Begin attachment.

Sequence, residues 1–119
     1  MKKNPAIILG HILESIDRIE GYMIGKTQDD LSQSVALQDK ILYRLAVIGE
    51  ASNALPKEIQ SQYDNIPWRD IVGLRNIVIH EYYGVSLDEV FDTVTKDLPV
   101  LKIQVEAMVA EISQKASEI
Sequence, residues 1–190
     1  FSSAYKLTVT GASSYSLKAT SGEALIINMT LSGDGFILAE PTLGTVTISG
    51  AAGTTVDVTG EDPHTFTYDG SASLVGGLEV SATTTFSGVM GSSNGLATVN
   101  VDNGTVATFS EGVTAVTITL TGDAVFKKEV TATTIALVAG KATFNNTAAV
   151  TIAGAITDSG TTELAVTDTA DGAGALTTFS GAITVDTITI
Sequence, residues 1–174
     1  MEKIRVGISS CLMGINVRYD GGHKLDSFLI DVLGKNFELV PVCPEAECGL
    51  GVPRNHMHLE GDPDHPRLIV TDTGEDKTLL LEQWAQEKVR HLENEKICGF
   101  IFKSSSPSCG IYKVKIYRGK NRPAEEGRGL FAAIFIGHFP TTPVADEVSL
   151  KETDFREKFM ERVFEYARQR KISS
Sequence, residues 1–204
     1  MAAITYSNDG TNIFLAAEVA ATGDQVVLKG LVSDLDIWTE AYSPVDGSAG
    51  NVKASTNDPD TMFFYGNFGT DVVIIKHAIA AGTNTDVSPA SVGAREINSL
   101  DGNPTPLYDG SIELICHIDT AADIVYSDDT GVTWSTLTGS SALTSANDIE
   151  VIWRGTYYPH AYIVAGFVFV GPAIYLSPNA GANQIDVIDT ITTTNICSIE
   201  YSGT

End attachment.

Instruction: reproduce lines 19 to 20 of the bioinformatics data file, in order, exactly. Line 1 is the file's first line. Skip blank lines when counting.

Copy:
   151  VIWRGTYYPH AYIVAGFVFV GPAIYLSPNA GANQIDVIDT ITTTNICSIE
   201  YSGT